How did Britain end up at No40 on the world press-freedom rankings?

The 2018 World Press Freedom Index shows we have a fight on our hands

Mick Hume

Mick Hume

Topics Free Speech

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Britain prides itself on being an historic home of freedom and the free press. So how come we are languishing in 40th place in the international press-freedom table?

Imagine the crowds singing an updated version of Rule Britannia at the Last Night of the Proms, about how Britain ‘shall flourish great and free / The dread and envy of them all / Except for the 39 freer nations, obvs’.

According to the 2018 World Press Freedom Index, published on Wednesday by Reporters Without Borders (RSF), the UK is now ‘one of the worst-ranked countries in Western Europe in terms of respect for press freedom’.

Its 40th place puts the UK one ahead of Burkina Faso and two clear of Taiwan, and suggests that journalists working in Britain have less freedom to hold the powerful to account than those in such liberal states as South Africa, Chile or Lithuania.

British observers are far more likely to bemoan how far we have fallen down the world rankings in football, another field we claim to have invented. Unlike the glorious irrelevance of football, however, freedom of the press really is a matter of life and death for a democratic society.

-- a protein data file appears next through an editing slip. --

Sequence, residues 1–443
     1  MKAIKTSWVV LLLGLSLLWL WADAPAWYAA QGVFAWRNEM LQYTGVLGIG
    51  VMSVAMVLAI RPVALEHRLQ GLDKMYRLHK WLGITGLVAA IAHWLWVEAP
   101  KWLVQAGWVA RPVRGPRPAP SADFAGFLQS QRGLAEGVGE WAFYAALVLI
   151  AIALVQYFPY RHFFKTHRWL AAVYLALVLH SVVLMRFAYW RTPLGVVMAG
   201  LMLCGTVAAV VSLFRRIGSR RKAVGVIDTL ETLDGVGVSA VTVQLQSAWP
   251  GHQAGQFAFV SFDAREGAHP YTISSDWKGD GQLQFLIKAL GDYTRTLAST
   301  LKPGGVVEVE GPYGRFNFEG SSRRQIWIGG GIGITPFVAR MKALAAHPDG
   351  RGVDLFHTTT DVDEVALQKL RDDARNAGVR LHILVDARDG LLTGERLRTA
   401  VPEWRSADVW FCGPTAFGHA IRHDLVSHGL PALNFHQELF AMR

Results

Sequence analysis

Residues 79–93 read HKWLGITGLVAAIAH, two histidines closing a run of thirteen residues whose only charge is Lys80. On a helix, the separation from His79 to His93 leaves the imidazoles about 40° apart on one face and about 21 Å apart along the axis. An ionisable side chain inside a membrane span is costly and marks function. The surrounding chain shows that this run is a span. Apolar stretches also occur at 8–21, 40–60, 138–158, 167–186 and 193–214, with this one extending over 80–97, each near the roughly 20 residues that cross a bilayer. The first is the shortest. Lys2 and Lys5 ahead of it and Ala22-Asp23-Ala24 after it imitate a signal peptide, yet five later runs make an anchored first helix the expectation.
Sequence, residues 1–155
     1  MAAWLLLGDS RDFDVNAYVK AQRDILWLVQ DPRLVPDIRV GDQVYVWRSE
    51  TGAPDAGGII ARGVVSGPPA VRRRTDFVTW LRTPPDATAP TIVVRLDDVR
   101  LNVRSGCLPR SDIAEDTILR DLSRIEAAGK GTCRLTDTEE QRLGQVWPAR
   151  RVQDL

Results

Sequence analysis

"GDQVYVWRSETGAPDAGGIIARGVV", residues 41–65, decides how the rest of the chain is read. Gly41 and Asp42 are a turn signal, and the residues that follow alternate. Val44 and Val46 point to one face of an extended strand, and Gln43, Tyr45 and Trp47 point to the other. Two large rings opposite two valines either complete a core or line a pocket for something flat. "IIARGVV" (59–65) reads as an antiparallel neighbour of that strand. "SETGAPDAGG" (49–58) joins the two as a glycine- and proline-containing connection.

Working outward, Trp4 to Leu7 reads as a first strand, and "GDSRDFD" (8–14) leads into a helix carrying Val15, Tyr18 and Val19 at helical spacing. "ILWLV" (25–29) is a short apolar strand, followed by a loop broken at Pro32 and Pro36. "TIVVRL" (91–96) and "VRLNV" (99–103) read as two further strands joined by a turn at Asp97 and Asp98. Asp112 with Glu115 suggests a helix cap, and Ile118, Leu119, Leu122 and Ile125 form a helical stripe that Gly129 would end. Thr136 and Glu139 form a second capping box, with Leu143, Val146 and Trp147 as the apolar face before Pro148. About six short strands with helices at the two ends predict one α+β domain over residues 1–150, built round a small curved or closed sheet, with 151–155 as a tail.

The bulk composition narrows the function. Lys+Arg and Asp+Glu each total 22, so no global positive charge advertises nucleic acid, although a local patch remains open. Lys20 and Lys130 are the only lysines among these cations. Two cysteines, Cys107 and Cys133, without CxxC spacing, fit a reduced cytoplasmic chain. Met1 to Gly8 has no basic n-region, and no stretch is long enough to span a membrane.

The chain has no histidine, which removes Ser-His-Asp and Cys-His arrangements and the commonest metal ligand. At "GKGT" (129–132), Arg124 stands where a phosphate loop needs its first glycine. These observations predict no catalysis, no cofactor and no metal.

The UK’s 40th place is unchanged from 2017. But that is 18 lower than its ranking in the first Index, published in 2002 – and 12 places down on six years ago, before the publication of the Leveson report.

That should give a clue as to the new threats press freedom faces in the UK. Unlike in some other illiberal parts of the world, we are not confronted by old-fashioned government repression and state control of the press. Instead, and especially since the Leveson Inquiry, press freedom in the UK has been threatened by a more underhand assault from allegedly liberal political and cultural elites – backed, to their shame, by the Labour Party leadership and the Corbynite left.

Few in UK public life will openly admit that they detest press freedom these days. Instead they pursue their crusade to tame the troublemaking press behind ethical-looking banners. Hence Lord Justice Leveson’s inquiry, ostensibly into phone hacking at the News of the World, became a showtrial of the entire ‘culture, practices and ethics’ of the tabloid press.

Similarly, today’s attempts further to hobble UK press freedom might claim to be pursuing such innocent-sounding goals as data protection or defending privacy. But the underlying message is always the same: that the press in Britain, in print and online, is somehow ‘too free’ to reveal truths that some want kept secret.

The RSF’s annual report notes some of the dangerous UK trends of the past year. There is the continuing struggle over the dreaded Section 40 of the Crime and Courts Act 2013, which would make publishers who are sued liable to pay the punitive court costs of both sides, even if they won the case. Theresa May’s Tory government has now said it will not enforce Section 40. Yet it remains on the statute book, with members of the House of Lords and Labour MPs chomping at the bit to see it imposed.